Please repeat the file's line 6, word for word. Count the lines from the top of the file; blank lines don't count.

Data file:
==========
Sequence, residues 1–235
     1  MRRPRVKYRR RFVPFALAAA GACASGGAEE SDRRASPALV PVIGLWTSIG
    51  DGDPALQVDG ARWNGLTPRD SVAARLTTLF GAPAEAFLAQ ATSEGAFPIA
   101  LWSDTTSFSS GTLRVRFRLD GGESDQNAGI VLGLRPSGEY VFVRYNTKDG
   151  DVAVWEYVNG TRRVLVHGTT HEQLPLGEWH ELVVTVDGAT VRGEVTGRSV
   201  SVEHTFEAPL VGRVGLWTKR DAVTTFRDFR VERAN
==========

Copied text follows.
   201  SVEHTFEAPL VGRVGLWTKR DAVTTFRDFR VERAN